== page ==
Some institutions still have not changed initiatives like diversity trainings, she said. Briscoe has interviewed student affairs professionals for a separate study, and they reported having to tailor this work to no longer explicitly mention race and racism in response to the executive action, she said.
Local and state movement against critical race theory has compounded colleges’ concerns, too. Officials at those levels of government took up Trump’s mantle against critical race theory. A new database from the University of California, Los Angeles School of Law documents nearly 500 anti-critical race theory efforts in local, state and federal governments.
What does the study examine?
Briscoe’s and Jones Baldwin’s research is twofold.
Jones Baldwin primarily is deconstructing anti-critical race theory legislation targeting K-12 schools and colleges. She is pinpointing the language and grammatical structures used, the “repetition and values” seen in the language, and connecting that to larger ideologies.
She said she’s noticed many bills read like blueprints, with distinct similarities across state lines. The legislation often looks to tamp down curricula that could make students feel shame and discomfort based on their race or sex. Some go further: In Jones Baldwin’s home state of Texas, a law blocks K-12 teachers from discussing “a widely debated and currently controversial issue of public policy or social affairs.”
“When we think about White privilege, we think about power, and how people in power are using that to dominate curriculum,” Jones Baldwin said.
Briscoe, meanwhile, is largely handling college faculty interviews, following critical race theory’s modus operandi of “giving people a voice who would not otherwise have one.”
Faculty members have already offered examples of policymakers lacking understanding of critical race theory, Briscoe said. The instructors have questioned how society can resolve racism and the lingering effects of slavery if educators cannot openly discuss such topics, she said. Using such critical frameworks in the classroom is important, as they will help influence future educators and administrators.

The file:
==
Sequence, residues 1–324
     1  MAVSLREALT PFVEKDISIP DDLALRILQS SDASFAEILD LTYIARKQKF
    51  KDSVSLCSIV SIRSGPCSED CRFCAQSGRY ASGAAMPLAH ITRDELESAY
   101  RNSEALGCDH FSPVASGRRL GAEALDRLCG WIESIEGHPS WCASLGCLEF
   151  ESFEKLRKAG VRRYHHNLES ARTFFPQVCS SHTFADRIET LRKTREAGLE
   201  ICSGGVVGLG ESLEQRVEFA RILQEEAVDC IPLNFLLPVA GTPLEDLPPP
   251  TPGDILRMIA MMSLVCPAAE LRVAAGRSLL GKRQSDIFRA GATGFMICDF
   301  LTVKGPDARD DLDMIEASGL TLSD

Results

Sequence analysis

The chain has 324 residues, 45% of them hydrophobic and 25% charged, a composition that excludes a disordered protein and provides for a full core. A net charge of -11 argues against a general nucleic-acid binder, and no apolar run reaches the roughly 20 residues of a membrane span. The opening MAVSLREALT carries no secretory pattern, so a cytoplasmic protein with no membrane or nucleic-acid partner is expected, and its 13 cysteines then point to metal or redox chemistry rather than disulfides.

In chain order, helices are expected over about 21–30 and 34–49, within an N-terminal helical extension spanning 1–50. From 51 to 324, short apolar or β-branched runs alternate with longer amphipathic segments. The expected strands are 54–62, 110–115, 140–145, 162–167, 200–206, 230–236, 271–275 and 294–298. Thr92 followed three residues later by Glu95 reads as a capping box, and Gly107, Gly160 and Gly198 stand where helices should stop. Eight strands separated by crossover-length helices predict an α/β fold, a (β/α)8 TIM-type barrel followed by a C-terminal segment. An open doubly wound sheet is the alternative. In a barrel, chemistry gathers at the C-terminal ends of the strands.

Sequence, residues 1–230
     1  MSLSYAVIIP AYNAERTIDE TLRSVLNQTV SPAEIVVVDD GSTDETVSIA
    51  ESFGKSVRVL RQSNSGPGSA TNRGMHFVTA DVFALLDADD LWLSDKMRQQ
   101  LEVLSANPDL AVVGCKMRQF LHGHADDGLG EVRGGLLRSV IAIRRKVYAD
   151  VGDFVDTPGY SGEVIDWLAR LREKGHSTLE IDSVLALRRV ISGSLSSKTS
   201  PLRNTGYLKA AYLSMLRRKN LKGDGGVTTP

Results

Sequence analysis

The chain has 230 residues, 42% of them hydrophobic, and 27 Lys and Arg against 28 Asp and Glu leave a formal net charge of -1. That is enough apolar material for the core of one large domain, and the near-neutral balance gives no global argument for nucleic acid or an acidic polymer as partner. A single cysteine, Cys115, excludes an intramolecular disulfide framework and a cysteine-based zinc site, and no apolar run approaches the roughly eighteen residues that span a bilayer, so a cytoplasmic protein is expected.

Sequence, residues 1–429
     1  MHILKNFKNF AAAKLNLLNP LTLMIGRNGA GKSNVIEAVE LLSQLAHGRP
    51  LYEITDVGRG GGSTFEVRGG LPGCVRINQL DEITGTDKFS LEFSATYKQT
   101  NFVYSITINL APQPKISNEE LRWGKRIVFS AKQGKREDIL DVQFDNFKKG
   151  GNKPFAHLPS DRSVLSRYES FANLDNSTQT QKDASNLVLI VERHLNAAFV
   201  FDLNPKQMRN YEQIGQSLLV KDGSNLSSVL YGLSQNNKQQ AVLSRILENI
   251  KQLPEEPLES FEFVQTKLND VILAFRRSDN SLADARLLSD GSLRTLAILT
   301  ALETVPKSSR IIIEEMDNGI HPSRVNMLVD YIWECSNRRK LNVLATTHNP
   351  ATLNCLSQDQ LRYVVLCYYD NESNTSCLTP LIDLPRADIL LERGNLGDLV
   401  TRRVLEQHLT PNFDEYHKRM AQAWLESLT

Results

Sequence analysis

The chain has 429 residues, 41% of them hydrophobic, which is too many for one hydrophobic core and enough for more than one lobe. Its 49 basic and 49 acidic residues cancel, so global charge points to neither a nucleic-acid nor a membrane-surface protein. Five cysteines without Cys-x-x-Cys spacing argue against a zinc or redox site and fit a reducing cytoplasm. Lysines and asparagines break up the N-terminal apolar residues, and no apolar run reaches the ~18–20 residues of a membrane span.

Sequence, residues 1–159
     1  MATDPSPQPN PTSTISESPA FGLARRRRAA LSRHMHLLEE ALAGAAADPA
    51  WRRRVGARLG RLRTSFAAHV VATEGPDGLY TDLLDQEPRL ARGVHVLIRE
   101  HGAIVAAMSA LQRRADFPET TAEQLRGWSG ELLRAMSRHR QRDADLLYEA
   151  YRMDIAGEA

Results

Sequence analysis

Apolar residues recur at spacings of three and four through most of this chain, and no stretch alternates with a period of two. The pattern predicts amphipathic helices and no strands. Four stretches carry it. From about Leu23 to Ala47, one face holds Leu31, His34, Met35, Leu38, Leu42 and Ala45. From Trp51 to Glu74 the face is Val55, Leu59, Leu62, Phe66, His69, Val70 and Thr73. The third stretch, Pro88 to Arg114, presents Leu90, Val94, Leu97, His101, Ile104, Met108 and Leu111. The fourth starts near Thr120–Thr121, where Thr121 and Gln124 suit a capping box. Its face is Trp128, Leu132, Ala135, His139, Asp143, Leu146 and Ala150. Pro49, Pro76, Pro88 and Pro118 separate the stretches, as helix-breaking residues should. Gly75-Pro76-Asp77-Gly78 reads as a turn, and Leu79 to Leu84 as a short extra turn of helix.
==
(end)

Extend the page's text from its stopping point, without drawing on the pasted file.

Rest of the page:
“If we’re unwilling to let sociologists do their work, how can they really be sociologists?” Briscoe said.
Educators who Briscoe has spoken with suspect another mission on some lawmakers’ part, she said: They want to squash talks on race and inequity so White people won’t learn about these issues and may end up voting a certain way.
Personal to them
Though they teach at public colleges in predominantly red states, Briscoe and Jones Baldwin said their institutions have shielded them from potential criticism and given them free reign in their work. Both are tenure-track faculty.
The distinction of earning the competitive Spencer Foundation grant has also legitimized their study, which they said they would have pursued regardless of the money.
But still, they’ve observed trends firsthand that worry them.
Briscoe said she’s transparent about her critical race theory-aligned research. But because of the supercharged political environment, she found others at the university were protective of her, because despite her prospective tenure status, Mississippi is an at-will employment state, she said.
Both professors say they have noticed emerging scholars stray away or be advised against diving into race-related studies.
Jones Baldwin said she had some initial hesitation jumping into the critical race theory study because it is such a hot button. Conservatives have already blasted faculty in a public fashion for years, too, with right-wing publications writing pieces about them that spur threats of violence.
Nonetheless, Jones Baldwin said, this study “is something to be celebrated.”
Briscoe summed it up — they were called to do this.
“I trust God that this will be a protected process for us,” she said. “And we’re going to protect our participants, because we know this work is political.”